There was a time, let’s say every day between the day I received a promo MP3 copy of Queens of the Stone Age’s …Like Clockwork and the day I picked up my double deluxe, 180 gram at 45 RPM copy version at Cleveland’s Music Saves, where I doubted the wisdom of splurging close to $40 for this thing.
The album sounded flat and uninspired. There were too many ballads. Josh Homme sounded like Doug Downer. There was no “Feel Good Hit of the Summer,” in the literal or figurative sense. And the guest musicians, don’t get me started on the guest musicians – Trent Reznor, Mark Lanegan, Dave Grohl, Alex Turner (Arctic Monkeys), Elton John and about a half a dozen others added nothing. Ok, they did reinforce what we already knew, namely, Homme has friends in the biz. But I’ll be damned if I could pick out any one of them other than Reznor. He has a slithery scream that if you hear it once, you’ll always be able to pick it out of a group chorus.
At least the marketing scheme was slick. A fifteen minute short film was produced to boost excitement and boost it did. By releasing it three minutes at a time, each three minutes featuring a different album track, the band assured themselves they’d be on the front page of every music zine for a week straight.
Then, something happened. I brought that heavy, double deluxe, 180 gram at 45 RPM version of …Like Clockwork home and put it on my turntable. The music came alive.
Now, I was hearing a clean, crisp and deep, dynamic, nuanced and detailed album, the same type of recording critics gushed over when Daft Punk released Random Access Memory a few weeks back, except, this was a rock album. When was the last time you put a rock album on your turntable and marveled at the sound? Not the songs, mind you, but the actual sound.
Listen to the bright, bulbous keyboards of “Vampyre of Time and Memory” and one can literally smell the stank weed and patchouli stew clouding your view of a vintage lava lamp and black light Black Sabbath poster on this interpretation of everyone’s going stark, freaking mad era Pink Floyd.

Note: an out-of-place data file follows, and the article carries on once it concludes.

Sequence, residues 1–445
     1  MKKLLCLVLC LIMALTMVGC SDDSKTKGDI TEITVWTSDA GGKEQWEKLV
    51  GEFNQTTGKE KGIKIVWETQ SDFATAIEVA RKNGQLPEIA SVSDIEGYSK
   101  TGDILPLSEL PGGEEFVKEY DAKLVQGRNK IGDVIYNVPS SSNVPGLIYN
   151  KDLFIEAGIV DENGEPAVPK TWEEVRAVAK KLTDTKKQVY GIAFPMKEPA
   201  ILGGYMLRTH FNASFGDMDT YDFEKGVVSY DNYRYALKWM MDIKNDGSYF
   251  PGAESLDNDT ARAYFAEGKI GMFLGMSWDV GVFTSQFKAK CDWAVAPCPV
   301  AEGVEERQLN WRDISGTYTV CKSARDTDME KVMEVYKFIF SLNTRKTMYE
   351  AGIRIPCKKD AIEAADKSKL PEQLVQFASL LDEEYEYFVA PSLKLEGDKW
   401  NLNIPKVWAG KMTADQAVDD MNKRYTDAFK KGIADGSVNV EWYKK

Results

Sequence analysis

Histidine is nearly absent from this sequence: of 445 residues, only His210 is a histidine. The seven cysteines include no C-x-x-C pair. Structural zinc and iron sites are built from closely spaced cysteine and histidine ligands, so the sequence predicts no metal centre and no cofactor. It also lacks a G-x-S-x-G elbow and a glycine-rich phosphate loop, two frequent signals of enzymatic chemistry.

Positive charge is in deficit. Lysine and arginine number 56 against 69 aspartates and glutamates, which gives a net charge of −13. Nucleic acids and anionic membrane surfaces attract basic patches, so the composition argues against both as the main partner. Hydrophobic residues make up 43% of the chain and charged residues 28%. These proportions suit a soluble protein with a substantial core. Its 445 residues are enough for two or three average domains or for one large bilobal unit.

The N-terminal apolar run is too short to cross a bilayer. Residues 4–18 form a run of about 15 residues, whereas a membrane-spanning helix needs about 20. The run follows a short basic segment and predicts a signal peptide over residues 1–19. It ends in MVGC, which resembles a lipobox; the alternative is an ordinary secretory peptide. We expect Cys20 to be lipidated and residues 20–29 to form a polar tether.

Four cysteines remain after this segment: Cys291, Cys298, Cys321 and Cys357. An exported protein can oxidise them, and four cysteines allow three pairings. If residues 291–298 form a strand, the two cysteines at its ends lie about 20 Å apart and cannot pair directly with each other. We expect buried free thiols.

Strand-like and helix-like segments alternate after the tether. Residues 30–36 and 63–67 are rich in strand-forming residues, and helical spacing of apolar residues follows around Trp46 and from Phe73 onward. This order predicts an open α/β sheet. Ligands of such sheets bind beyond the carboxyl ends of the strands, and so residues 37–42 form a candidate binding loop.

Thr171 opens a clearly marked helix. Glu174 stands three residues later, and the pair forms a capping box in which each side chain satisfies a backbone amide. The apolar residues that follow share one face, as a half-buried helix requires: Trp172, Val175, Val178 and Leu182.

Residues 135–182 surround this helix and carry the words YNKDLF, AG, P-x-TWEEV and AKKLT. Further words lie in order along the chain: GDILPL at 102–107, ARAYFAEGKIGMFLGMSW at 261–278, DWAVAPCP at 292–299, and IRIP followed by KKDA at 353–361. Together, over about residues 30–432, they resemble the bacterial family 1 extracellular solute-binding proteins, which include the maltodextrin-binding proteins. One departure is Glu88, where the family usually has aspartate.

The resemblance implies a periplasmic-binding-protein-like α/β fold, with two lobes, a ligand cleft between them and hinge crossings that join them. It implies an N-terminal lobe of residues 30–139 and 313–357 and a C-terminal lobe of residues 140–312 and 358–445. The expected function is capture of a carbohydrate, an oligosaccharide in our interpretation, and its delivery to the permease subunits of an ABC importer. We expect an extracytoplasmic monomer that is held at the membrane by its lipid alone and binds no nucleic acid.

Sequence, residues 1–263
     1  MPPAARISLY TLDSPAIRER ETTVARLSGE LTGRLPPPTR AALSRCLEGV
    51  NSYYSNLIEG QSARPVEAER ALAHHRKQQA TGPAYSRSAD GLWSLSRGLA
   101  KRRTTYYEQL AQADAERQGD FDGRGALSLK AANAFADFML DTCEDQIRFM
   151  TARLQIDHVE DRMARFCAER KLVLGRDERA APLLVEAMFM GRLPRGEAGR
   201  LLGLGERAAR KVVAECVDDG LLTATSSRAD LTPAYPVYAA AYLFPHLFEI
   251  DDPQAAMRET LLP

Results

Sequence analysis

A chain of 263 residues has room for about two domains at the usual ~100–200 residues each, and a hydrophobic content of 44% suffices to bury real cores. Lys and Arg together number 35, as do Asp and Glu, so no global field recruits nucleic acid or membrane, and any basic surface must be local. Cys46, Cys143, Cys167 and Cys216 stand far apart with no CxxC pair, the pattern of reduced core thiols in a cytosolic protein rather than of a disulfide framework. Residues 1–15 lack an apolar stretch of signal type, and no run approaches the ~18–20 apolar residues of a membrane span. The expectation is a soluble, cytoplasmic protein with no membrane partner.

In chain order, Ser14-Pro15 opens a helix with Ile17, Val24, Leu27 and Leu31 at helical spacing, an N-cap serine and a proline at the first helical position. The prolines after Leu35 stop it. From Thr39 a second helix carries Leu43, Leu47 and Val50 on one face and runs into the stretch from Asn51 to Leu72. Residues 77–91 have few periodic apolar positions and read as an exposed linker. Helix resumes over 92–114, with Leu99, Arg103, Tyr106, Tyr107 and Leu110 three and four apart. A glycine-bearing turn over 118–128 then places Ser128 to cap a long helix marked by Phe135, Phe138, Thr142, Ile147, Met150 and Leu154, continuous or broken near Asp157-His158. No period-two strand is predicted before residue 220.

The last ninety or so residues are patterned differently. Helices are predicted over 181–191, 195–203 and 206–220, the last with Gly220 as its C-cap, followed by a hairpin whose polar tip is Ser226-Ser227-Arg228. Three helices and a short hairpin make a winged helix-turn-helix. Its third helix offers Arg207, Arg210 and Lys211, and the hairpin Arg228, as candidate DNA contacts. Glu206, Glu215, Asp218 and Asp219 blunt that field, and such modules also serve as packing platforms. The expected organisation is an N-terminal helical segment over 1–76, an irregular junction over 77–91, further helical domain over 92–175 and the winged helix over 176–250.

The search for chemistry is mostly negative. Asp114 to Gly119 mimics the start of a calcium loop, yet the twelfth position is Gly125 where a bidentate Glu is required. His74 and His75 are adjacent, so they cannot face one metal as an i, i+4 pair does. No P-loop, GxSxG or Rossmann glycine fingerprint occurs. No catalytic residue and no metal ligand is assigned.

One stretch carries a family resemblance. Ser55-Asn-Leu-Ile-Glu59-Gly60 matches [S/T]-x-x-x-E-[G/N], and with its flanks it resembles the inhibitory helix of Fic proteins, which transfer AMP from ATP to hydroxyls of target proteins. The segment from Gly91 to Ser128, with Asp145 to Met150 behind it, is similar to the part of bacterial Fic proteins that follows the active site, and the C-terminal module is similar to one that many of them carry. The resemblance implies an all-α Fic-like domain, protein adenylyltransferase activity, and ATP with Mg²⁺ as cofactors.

Sleek, sexy and slightly funky during the verse and all big burly man in the chorus, “If Had a Tail” would have been the single if “My God Is the Sun” hadn’t claimed the spot first. It’s the audio accompaniment to every Josh Homme photo ever snapped.
And, my god, “My God is the Sun.” Initially weak-kneed and wobbly, like a sailor on an extended bender who only rights himself for fistfights, the chorus arrives with hammer blows of snare and hi-hat. The guitars ratchet at spitfire speed. Then comes the biggest hammer blow of them all, as each and every amp is set strip the guts straight from your stomach with a deafening rumble.
Even “Smooth Sailing,” a track I had placed in the reject pile early on has its moments. The rhythm section is Zeppelin-esque in every sense of the cliche with undertones of “Immigrant Song” distinctly audible in the bass and drums. No, John Paul Jones wasn’t one of the guests, but it sure sounds like Homme, Jones, and Grohl brought Their side-project Them Crooked Vultures back for this one. Later, the screechy guitar scales make one think of another someone who did guest on the album, Trent Reznor, who like Jones didn’t actually contribute to this track.
Still, as I’ve learned to appreciate …Like Clockwork for what it is: the best sounding rock album to come across these ears in years, some elements of my initial take down remain — There are still too many ballads, there isn’t one real “Feel Good Hit of the Summer,” and I still can’t tell what the hell Elton John did in the studio besides sign his name on the guest list. I don’t, however, regret spending those 40 bones. …Like Clockwork will be part of my collection for years to come.